What is E85 Gas?

We demystify the story of ethanol-gasoline blends, explain how they work, and why they just might be better for consumers, cars and the environment.

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Also known as flex fuel, E85 gas is a blend of gasoline and ethanol, a type of alcohol made from grains such as corn, sugar cane, or other forms of biomass. In America, the move towards blending ethanol with gasoline was spurred by the Clean Air Act Amendments of 1990, which sought to reduce harmful emissions coming from internal combustion engine vehicles. Due to ethanol having a lower carbon-to-hydrogen ratio than gasoline, it produces less CO2 when burned.

How is E85 Different From Regular Gas?

Most “regular gas” is also an ethanol-gasoline blend; more than 98% of pump fuel sold in the United States contains up to 10% ethanol. All passenger vehicles of any age (as well as all motorcycles, boats and lawn mowers) can safely run on E10 fuel.

Depending on where you find E85 and the time of year, the ethanol-gasoline blend can range from 51-83% ethanol. E85 is easier to find in corn-producing states. There are more than 3,900 E85 refueling stations in 42 different states pumping the blend out to an estimated 21,000,000 flex-fuel vehicles (FFVs).

What are the Advantages and Disadvantages of Using Ethanol-Based Fuel?

An ethanol-gasoline blend fuel produces fewer harmful tailpipe emissions. This may be the only laboratory-tested advantage of ethanol-based fuels that doesn’t change depending on the weather, the time of year, or the type of vehicle.

Another advantage: Ethanol has a higher octane rating than gasoline, so it’s more resistant to engine knock. Modern electronic controls can adjust an engine to take advantage of this octane boost and produce more torque. Turbocharged flex-fuel engines can go a step further by increasing the boost pressure to make more power.

On the other hand, ethanol has a lower energy density than gasoline, so it’s effectively less fuel efficient—you need to burn more to travel the same distance. The price of ethanol also varies and may not be low enough to offset the dip in fuel efficiency.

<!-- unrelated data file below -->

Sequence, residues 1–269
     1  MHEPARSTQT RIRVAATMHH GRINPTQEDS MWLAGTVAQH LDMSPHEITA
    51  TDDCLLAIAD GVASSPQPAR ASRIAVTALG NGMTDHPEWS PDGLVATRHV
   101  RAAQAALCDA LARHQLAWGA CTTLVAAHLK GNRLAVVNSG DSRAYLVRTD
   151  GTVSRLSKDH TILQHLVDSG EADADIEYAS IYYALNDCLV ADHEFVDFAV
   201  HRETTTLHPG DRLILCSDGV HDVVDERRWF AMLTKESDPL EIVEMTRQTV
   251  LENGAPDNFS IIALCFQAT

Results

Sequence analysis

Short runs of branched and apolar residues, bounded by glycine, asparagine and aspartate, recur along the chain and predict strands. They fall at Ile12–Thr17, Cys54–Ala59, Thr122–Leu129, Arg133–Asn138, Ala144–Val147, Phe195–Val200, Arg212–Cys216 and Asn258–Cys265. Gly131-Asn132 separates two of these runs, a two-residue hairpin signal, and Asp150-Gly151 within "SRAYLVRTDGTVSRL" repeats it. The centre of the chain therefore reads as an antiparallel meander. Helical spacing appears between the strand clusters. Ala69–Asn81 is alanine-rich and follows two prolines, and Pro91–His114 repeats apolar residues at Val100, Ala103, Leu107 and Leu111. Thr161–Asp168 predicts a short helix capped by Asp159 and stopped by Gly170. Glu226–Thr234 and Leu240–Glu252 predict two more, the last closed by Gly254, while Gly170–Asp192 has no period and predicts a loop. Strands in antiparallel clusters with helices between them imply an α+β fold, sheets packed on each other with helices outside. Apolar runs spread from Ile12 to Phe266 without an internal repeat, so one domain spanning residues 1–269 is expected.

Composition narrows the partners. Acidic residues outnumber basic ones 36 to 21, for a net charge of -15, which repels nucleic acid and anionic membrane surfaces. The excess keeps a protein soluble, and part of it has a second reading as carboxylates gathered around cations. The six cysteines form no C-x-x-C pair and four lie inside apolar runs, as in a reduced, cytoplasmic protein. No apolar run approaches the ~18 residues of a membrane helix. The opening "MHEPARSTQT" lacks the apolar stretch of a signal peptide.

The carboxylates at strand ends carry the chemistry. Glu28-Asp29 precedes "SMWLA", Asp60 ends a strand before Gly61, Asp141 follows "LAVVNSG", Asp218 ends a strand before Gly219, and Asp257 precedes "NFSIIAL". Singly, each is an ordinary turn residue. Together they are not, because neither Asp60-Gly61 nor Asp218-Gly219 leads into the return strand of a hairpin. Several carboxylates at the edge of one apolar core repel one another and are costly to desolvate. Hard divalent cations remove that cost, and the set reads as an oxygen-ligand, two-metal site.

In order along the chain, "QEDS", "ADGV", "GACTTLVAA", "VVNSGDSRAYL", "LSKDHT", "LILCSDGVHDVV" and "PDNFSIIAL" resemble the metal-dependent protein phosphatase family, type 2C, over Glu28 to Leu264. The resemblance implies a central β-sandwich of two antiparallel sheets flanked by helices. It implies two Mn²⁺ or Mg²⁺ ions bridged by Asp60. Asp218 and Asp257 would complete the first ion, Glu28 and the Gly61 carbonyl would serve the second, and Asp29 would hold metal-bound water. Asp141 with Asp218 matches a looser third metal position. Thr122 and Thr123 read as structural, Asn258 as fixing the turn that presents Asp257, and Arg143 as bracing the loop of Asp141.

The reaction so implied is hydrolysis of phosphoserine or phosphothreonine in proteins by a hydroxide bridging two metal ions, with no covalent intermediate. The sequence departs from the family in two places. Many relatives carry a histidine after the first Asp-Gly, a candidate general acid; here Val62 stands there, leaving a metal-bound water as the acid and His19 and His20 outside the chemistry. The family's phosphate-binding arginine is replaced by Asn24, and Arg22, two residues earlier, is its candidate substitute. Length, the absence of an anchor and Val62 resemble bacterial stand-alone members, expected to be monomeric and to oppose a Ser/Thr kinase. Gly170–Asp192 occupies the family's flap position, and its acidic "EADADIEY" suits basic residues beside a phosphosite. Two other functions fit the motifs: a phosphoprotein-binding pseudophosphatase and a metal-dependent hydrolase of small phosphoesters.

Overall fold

Which Vehicles Can Run on E85 Gas?

Only flex-fuel vehicles can run on E85 gas. These vehicles have upgraded fuel systems and engine components to handle the ethanol, and the engine control unit (ECU) in an FFV automatically analyzes the make-up of the fuel in the tank and adjusts engine settings accordingly.

If you put an E85 blend into a non-FFV, your car will run poorly as the engine is not programmed for the higher rate of fuel delivery required by an ethanol-gasoline blend. E85 also absorbs water and this has a corrosive effect on fuel system components, aluminum, magnesium, and some types of rubber. If you run E85 in a conventional vehicle, you’ll soon have to replace fuel hoses, gaskets, pumps, and seals, and this may do irreparable damage to your engine.

Converting a passenger vehicle to an FFV would be costly. The fuel tanks, pumps, filters, lines, injectors, wiring, fuel level sensors, seals, pressure regulators, valves, and more would need to be modified. For some older vehicles, especially those with a carburetor or mechanical fuel injection, a flex-fuel conversion kit starts at roughly $400.

Flex-fuel vehicles have been offered since the 1990s, but there are only a handful of new models for sale in America. Most are vehicles used for work or in commercial fleets, like the Ford Transit and Transit Connect, or the Ford F-150, Chevrolet Silverado, and GMC Sierra pickup trucks.

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Mark Hacking
Mark Hacking is an award-winning writer with over 20 years’ experience covering the automotive scene for some of the leading publications in the world. Mark holds an FIA International Race License and has his sights set on competing in the Rolex 24 at Daytona in the future. He was the first automotive journalist to race in the Ferrari Challenge Series (in 2013) and the Jaguar I-PACE eTrophy Series (in 2019).